Eventually, the police cleared the square however not
without igniting the wrath of the protesters with some unashamedly
non-environmentally friendly decisions. A large rubbish truck enters the
Oxford Circus junction and all of the sleeping bags, duvets, cardboard
boxes and everything else was unceremoniously discarded without a
moments thought as to what could be recycled. If you could choose one
crowd you would not want to watch that, it would be a large crowd of
As the sun went down, I moved to Waterloo Bridge for
one of the most powerful evenings I have had the privilege to
experience. With knowledge the police were looking to reclaim the
bridge, hundreds of activists descended for an evening of music, talks
and togetherness. A candlelit vigil was held whilst talented musicians
played beautiful music on a wide range of interesting instruments
against a backdrop of dozens of Police.
As the skatepark was dismantled, fairy lights taken
down, trees torn up, we sang. As the fire brigade came to sturdy up the
truck, so the police can cut protesters down to carry them away, we
sang. No matter what negativity they tried to throw our way, to dampen
our spirits, we simply sang.
It was clear by the end of the night the police did
not expect this sheer determination and resilience from and it was
evident the bridge was not being cleared tonight. Victory, for now. And
yes, the bridge was cleared the following day, but not without a fight.
The morning after
Sunday brought more magic as hundreds marched from
Parliament Square through to Marble Arch. A funeral procession with
activists dressed in black, brass band in tow, led the rebellion forward
as we marched past Buckingham Palace right into Marble Arch where Greta
Thunberg delivered her rousing and inspirational speech. After days of
activism, much walking and losing my voice completely, I thought I would
take Sunday night to myself. Of course, my favourite band Massive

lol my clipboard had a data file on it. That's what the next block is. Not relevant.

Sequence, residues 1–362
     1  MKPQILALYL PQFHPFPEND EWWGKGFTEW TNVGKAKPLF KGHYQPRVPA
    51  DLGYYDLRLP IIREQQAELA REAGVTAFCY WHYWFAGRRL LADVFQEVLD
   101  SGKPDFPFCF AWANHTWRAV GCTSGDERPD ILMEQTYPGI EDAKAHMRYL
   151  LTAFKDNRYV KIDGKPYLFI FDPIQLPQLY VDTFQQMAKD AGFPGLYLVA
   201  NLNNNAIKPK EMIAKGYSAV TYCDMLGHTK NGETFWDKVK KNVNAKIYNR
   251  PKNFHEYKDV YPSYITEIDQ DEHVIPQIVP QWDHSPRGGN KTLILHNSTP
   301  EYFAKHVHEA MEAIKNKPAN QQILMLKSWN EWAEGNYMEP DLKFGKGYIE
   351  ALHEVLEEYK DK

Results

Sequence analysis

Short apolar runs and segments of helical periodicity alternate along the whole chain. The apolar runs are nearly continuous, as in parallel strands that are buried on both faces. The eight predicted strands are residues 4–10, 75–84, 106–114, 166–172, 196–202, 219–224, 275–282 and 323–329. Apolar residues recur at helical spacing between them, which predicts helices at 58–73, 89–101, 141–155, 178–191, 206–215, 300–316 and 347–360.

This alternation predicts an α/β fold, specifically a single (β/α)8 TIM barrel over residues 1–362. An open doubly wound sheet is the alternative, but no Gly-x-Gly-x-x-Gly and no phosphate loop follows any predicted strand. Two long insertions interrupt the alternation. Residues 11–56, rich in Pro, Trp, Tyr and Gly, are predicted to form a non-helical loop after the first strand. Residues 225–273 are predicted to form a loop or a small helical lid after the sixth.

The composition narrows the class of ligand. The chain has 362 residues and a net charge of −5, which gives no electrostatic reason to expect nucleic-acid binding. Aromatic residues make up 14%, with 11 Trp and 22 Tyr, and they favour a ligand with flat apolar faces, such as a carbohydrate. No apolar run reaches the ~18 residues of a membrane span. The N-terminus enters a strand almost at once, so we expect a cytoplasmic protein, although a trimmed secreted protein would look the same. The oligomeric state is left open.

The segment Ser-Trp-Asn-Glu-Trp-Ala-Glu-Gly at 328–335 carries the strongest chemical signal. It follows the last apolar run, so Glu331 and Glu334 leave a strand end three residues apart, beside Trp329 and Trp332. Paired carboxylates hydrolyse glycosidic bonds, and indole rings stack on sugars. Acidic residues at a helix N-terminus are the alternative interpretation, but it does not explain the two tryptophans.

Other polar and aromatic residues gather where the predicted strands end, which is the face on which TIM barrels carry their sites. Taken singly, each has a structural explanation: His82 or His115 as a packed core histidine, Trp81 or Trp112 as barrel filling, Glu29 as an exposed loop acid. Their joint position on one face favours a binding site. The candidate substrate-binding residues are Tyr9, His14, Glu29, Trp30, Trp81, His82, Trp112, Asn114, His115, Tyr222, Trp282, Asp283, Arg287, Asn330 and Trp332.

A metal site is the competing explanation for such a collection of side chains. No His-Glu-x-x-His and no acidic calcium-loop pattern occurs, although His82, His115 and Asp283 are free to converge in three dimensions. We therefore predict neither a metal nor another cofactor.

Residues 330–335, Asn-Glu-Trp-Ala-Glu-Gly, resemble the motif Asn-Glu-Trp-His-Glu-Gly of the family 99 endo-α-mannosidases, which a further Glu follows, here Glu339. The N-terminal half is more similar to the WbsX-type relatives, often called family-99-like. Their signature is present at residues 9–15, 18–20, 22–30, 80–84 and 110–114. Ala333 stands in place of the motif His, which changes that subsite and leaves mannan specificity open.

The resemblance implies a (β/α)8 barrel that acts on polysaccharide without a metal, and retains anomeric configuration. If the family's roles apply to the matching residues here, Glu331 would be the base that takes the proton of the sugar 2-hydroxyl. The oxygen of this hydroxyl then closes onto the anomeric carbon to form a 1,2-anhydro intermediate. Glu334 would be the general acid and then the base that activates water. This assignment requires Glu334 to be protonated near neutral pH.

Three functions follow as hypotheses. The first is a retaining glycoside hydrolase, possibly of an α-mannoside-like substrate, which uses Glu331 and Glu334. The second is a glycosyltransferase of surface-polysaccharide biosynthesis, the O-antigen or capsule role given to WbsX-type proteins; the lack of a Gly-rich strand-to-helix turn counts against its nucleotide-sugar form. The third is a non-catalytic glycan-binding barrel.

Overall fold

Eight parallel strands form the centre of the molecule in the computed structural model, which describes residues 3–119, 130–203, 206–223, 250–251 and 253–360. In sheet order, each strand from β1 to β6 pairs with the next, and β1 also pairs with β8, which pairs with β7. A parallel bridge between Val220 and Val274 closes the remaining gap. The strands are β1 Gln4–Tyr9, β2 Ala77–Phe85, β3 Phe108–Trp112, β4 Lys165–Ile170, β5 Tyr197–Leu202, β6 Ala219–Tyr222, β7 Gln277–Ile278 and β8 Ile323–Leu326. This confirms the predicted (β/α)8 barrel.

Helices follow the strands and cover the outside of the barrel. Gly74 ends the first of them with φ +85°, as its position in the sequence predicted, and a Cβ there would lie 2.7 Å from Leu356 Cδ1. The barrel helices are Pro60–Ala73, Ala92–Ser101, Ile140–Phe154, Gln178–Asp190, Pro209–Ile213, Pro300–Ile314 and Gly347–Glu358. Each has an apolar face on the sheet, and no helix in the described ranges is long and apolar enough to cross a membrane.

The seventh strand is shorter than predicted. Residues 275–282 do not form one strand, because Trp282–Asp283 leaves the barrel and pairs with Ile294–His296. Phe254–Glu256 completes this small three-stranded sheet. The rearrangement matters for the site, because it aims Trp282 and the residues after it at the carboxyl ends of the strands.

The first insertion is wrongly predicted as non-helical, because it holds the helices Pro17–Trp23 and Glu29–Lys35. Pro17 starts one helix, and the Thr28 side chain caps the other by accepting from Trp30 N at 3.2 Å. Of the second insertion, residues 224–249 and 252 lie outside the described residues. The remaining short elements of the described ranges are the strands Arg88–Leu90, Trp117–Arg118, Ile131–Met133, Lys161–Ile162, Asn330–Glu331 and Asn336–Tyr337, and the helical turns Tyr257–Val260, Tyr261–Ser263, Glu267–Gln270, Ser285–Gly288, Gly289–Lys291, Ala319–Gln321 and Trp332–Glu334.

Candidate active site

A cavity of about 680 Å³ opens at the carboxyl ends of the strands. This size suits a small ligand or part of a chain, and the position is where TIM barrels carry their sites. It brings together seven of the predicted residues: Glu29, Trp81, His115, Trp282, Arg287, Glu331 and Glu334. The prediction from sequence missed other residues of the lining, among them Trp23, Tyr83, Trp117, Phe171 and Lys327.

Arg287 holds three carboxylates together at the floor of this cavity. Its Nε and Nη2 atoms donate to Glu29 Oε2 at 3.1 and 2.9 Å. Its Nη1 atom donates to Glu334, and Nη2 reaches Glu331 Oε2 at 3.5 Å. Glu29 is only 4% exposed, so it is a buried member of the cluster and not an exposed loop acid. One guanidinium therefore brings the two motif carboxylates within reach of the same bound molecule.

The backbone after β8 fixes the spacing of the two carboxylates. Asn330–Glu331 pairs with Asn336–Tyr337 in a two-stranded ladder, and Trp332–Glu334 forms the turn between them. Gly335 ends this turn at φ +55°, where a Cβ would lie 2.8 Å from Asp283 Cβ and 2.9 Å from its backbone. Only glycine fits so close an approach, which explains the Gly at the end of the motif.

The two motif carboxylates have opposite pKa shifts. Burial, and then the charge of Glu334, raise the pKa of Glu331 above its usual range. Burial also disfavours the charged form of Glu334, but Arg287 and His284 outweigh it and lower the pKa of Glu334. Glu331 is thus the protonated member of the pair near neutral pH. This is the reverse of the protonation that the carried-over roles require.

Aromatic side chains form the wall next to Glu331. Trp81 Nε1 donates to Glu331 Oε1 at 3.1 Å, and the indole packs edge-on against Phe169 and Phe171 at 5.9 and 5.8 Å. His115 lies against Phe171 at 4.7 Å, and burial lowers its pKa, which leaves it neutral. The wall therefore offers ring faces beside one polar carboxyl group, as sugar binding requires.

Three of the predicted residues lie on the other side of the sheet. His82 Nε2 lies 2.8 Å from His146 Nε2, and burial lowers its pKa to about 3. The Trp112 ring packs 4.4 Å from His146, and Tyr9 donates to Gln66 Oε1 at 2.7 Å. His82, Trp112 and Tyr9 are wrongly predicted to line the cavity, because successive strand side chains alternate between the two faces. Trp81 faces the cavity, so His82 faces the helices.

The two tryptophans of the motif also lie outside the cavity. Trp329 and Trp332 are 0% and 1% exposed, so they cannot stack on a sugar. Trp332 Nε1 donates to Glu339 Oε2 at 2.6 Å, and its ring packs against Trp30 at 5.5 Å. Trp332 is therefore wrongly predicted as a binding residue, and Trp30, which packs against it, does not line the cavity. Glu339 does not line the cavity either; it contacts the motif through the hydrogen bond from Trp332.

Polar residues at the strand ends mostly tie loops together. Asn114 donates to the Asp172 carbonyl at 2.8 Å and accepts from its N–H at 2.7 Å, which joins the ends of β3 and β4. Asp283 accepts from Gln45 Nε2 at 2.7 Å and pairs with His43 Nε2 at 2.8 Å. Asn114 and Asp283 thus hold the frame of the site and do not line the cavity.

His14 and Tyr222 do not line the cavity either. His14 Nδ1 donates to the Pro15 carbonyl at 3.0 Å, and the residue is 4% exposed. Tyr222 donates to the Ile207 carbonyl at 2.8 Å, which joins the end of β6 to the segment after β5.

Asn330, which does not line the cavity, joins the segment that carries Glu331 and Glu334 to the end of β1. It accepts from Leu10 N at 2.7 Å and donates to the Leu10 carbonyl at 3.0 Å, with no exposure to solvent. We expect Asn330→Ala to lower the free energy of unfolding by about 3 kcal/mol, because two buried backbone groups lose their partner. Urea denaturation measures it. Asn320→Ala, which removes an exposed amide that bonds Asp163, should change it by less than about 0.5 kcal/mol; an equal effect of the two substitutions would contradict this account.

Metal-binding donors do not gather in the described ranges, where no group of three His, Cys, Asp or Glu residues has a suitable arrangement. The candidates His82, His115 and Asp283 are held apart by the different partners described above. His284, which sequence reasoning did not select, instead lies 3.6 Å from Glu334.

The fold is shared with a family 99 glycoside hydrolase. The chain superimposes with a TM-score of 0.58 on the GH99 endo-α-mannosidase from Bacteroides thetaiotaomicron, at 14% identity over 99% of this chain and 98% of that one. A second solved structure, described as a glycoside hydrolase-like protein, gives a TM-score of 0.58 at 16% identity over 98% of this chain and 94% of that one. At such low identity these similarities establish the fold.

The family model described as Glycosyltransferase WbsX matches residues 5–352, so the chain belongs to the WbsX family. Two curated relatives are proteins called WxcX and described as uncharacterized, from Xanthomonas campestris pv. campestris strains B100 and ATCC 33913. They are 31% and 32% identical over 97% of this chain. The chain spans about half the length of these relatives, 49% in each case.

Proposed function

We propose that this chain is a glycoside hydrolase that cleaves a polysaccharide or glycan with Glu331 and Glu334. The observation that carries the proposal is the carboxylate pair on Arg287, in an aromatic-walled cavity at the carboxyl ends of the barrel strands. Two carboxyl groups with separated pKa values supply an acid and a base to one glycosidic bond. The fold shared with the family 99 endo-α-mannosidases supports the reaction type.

Attack played a impromptu show, of which I then missed, so we are not
going to talk about that.
How the new movement for ecological justice is reimagining the world
by reimagining the art of protest, protection and healing.
By Chris Taylor
Apr 25, 2019
Photo: Ruth Davey/Look Again – Photography for the Wellbeing of People and Planet (www.look-again.org)
Like many in the UK I have jumped feet first into the Extinction
Rebellion movement. It has captured something in the zeitgeist,
bringing together people across cultures and generations in a movement
for fundamental global change. It’s not just about climate change. It’s
about a revolution of love, deep ecology and radical transformation.
There is a long way to go. Victory will be secured over years rather
than months. This is the struggle for the heart and soul of the human
species, not for a quick fix climate solution. But even at this early
stage we are starting to see trends and approaches that are making the
difference – and that show how world-changing movements will operate in
the coming global transition.
This is a Self Organising System. XR is based on
careful study of mass movements for civil disobedience and disruption.
Local groups are free to plan and implement their own actions so long as
they stay within the movement’s guiding principles. The sites occupied